With that money spent, Faraday Future estimated in July that it still needed $663 million in order to get the FF91 into production by the December 2018 deadline, according to documents filed in last week’s lawsuit. So Faraday Future’s CEO and founder Jia Yueting asked Evergrande for an advance on the $1.2 billion that remained in the deal, and the Chinese conglomerate agreed.

Evergrande committed to sending Faraday Future $300 million in July, $200 million in October, and another $200 million in January 2019. In return, it asked Jia to abandon his director positions at all Faraday Future-related companies and to relinquish his controlling shares in the holding company at the top of the chain.

Evergrande promised it would pay some of Jia’s debts in China if he stepped away from the company

One reason Jia agreed, according to the new lawsuit filed onWednesday, is that Evergrande promised to pay back all of the debts owed by LeSee, the electric car company that the Faraday Future CEO had started in China.

Despite Jia’s apparent capitulations, Evergrande failed to deliver that first $300 million payment. The Chinese conglomerate argued Jia did not submit enough “satisfactory” evidence that proved he had distanced himself from Faraday Future, and claimed he was still acting as a “shadow director,” according to last week’s lawsuit. It also cited the fact that Jia is on a debtor blacklist in China as a reason for hesitating on the payment. (Jia was placed on the blacklist shortly after the deal was struck last December.)

In turn, Evergrande used this moment to seize control of Faraday Future’s operations in China, according to the lawsuit filed on Wednesday.

The two sides haggled over the $300 million payment across the following months, according to the new suit, but Evergrande didn’t let up. The plaintiffs argue Evergrande repeatedly acted in “bad faith,” including purposely withholding payments to “key suppliers” — something that became the first sign of new financial trouble at Faraday Future earlier this fall.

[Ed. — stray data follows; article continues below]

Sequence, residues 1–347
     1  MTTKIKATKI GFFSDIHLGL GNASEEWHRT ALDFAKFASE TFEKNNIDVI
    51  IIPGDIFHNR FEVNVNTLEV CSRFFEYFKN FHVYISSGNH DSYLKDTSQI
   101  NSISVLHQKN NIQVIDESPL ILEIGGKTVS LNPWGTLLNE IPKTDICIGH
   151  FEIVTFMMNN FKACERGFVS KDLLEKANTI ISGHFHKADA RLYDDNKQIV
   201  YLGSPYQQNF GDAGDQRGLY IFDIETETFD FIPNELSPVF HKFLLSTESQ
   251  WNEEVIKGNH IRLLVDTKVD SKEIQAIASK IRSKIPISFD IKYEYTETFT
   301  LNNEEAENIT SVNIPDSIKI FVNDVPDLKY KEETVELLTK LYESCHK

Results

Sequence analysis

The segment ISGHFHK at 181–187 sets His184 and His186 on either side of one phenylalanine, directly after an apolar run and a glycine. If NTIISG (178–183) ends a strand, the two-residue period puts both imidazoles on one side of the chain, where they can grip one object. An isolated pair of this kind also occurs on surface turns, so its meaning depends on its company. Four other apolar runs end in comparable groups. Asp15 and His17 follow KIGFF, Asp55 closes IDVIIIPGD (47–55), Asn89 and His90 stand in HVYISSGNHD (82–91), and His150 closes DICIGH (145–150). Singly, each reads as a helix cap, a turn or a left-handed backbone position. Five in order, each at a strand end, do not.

It was at this point in late September — with just $18 million left in the bank and $59 million still owed to suppliers — that Faraday Future decided to file for arbitration in Hong Kong to resolve the dispute with Evergrande. While the main case is still ongoing, Faraday Future was allowed by the arbitrator to seek outside funding of up to $500 million, and Evergrande was ordered to pay some of the startup’s legal fees. Faraday Future is also now asking the arbitrator to nullify a number of liens Evergrande has against the EV startup’s assets, including a vice grip on its intellectual property.

While the arbitration proceedings played out, though, the EV startup took drastic measures. What started as salary cuts and a few hundred layoffs in late October quickly escalated into furloughs for hundreds more employees.

A number of the company’s key executives — including co-founder Nick Sampson as well as Dag Reckhorn, who was the last remaining “founding executive” — resigned. Barring any new funding, Faraday Future has enough cash to last until mid-December, The Verge recently learned.

A number of key people have left the company

In an all-hands meeting held Monday, Jia told the some 600 employees who have stuck with the company (at a reduced salary) through the furlough that Faraday Future is “receiving interest from investors from around the world,” according to a company statement. He also claimed the company plans to IPO in 2020, and said he’s “willing to take out my personal equity as a pledge and guarantee for all suppliers. We will not let them have any payment risks.”

Over the weekend, an EV blockchain company called EVAIO claimed it had “contacted Faraday Future to invest $900 million” through a “security token offering.” John Schilling, spokesperson for Faraday Future, said in an email that the company is “speaking with a number of potential investors but nothing (no deal) has been made yet with EVAIO. We have no further comment on any kind of arrangement with them.”

Correction: This article previously stated Faraday Future’s monthly payroll before the layoffs and salary cuts was around $8 million. That figure, pulled from court records, was for each two week pay period. The monthly payroll was $15.8 million.